Book Review- Baramulla Bomber- Svastik Triology- Eka

Title: Baramulla Bomber
Author: Clark Prasad
Publisher: Niyogi Books
ISBN code: 978-93-81523-97-1
Price– Rs 395
Genre– Sci-fi Espionage Thriller
Pages– 313

Buy Baramulla Bomber : Science Fiction Espionage Thriller: Book
As the back cover introduction reads “An ancient weapon from the Vedas and Bible once hunted by the Nazis, powered by the sound of the universe, reborn with the help of quantum physics going to be unleashed onto the World and Kashmir holds its secret.”, I cannot help but get intrigued. This book sells itself through its very description. Science fiction meets espionage and a fast-paced, action-packed saga is born. The book is only the first “Eka” of the Svastik Triology and leaves one wondering what else has the author in store for us in the coming sequels.
A word about the author Suraj Prasad aka Clark Prasad- “a healthcare management consultant who had dreamt of being an archeologist or an astronaut.” it says in his bio. Well, when you read the book you’d come to know how the novel is actually an extension of his own self. Currently based in Bengaluru, the author has lived in Lagos (Nigeria), Delhi, Mangalore and Kozhikode and is deeply influenced by Carl Sagan’s “Cosmos”. I see definitely influences of Jeffery Archer and Dan Brown in his writing and also a bit of Tolkien. You’d understand what I am talking about once you read the book.
Now, the book starts with a ‘Warning’ in bold letters not to flip through pages lest the suspense will evaporate and a request to the bloggers not to reveal the plot. I sense a deep attachment of the author with his story and I’d like to talk as less about the plot and characters as possible. Then science and religion are brought to a confluence on the next two pages where Albert Einstein, Rig Veda and the Bible are quoted hinting toward a cosmic religion. The book has graphic illustrations at different places which make the story come alive and give it an eerie realness. The main characters are Mansur Haider- A Kashmiri and his girlfriend Ahana Yajurvedi. We also have Swedish intelligence officer Adolf Silfverskiold who is a non-believer. These are the pawns being played on a chessboard much larger than they can imagine. Let’s leave it at that.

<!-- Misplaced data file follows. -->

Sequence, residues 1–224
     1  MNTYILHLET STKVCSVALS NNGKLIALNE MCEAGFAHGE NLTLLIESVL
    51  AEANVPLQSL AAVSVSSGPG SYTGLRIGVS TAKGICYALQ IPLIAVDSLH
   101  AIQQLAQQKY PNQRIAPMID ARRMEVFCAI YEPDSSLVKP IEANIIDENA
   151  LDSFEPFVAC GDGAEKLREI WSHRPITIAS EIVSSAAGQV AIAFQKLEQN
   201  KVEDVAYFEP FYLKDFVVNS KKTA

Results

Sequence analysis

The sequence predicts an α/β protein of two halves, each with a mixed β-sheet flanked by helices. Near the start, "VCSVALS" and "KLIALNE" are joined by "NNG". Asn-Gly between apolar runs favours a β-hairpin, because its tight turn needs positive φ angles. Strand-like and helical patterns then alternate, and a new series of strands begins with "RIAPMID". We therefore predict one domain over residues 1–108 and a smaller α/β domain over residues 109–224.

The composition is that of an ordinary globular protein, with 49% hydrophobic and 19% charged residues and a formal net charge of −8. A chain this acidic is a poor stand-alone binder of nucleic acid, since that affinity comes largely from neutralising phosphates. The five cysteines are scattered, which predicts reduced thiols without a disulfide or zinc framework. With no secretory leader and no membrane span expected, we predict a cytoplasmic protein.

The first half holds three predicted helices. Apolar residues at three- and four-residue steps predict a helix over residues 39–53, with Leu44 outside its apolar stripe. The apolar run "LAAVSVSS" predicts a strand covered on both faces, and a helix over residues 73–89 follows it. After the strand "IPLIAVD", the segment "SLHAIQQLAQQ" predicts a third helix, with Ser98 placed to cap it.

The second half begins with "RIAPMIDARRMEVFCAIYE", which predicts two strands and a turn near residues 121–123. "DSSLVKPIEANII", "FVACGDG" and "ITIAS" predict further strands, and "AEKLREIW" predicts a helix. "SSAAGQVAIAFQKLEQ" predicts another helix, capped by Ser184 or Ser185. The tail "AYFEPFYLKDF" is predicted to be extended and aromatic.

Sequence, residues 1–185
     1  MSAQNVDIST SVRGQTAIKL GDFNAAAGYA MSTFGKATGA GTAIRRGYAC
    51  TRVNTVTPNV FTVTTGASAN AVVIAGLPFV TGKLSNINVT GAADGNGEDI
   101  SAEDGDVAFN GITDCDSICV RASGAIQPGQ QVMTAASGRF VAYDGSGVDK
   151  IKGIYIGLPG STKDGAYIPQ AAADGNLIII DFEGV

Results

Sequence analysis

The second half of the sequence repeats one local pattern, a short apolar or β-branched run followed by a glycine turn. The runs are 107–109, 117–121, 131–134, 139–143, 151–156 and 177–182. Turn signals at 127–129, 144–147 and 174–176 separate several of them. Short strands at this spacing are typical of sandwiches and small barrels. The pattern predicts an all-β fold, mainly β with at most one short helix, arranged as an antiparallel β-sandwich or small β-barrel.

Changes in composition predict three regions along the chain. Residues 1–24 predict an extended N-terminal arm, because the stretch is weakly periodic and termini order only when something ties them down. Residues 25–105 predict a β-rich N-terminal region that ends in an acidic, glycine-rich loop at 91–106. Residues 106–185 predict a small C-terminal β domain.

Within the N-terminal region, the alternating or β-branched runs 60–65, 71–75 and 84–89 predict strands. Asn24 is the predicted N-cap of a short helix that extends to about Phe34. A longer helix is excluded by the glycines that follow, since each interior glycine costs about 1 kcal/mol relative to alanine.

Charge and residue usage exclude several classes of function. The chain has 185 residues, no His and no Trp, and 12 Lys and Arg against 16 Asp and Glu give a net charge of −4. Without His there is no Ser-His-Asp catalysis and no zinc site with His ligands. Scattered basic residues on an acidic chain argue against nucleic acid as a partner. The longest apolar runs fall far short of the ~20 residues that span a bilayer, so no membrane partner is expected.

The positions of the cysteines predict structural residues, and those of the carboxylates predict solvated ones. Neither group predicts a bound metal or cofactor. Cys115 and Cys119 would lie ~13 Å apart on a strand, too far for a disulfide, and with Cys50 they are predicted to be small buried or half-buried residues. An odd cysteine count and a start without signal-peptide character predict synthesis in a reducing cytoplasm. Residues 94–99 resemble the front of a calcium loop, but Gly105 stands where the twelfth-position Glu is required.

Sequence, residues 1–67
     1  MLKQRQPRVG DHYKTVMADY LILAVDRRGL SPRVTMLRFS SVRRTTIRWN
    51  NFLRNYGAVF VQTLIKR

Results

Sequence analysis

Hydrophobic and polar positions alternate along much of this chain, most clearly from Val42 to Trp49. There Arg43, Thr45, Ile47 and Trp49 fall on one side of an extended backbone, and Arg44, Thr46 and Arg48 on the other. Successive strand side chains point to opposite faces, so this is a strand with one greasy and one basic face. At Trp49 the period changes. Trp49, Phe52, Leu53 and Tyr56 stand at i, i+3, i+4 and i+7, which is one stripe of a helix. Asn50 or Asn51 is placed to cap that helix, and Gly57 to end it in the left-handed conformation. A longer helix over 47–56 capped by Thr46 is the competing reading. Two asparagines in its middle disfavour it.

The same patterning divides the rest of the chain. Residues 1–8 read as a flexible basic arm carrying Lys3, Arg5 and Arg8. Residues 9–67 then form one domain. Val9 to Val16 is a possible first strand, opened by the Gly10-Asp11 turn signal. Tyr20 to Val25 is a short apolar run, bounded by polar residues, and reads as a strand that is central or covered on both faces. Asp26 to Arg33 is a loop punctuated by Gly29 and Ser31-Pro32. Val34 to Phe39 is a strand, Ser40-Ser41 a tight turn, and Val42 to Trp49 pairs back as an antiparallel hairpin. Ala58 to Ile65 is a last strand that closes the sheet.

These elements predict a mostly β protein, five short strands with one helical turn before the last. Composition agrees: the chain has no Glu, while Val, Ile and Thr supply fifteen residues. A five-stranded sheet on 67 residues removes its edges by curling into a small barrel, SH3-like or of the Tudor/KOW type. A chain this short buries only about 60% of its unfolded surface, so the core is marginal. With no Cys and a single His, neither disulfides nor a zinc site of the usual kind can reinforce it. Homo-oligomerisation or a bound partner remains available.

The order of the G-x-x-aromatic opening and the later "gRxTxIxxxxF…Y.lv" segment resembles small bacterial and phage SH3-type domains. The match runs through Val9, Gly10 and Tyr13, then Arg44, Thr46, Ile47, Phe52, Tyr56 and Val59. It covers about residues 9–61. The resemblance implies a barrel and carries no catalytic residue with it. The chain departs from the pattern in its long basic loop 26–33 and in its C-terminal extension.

Every chapter begins with a World map and a target focus sign above the area where the event is about to transpire, that gives the novel the feel of an action movie. The novel has broad spatio-temporal horizons and at one juncture we’re talking about the ancient times, suddenly we’re in medieval era and the next moment we’re in present day World. The book is bigger than its characters and they all come to life in a World where conspiracies run deep and high. The chapters are also designed to serve as a countdown to the climax which makes the book to be read in a single sitting with zero distractions.
The language used in the book caters to an average Indian reader who is just starting out with Indian fiction. The author tries not to be fanciful with the wordplay and is probably because he has already given the reader too much to munch on already in terms of drama and suspense. Personally, I could have gone for a language that suits with the intricacy of the plot but maybe to the author, the thickness of the plot was enough codification already. The pages are crisp and the novel is a definite page-turner. At 313 pages, the novel is fast-paced read and ideal for journeys and long waiting hours. To be very honest, Clark does not try to do an H G Wells or a Tolkien with the theme, he takes the story and slowly weaves it around with tools that he finds fit.
One more thing is the clear lack of intellectual snobbery in the book. The book is not about turning non-believers into believers. When you go to the movies, you don’t reason with the director about the themes and theology of the plot, similarly, this book requires you to indulge yourself without any pre-conceived notions and simply enjoy the read. There are books that are for niche audience and there are ones for everyone. This one is somewhere in between.
I’d give the book 2.75 out of five stars.
Happy reading.
This review is a part of the Readers’ Cosmos Book Review Program. Thank you Nimi Vashi for these amazing opportunities. 🙂
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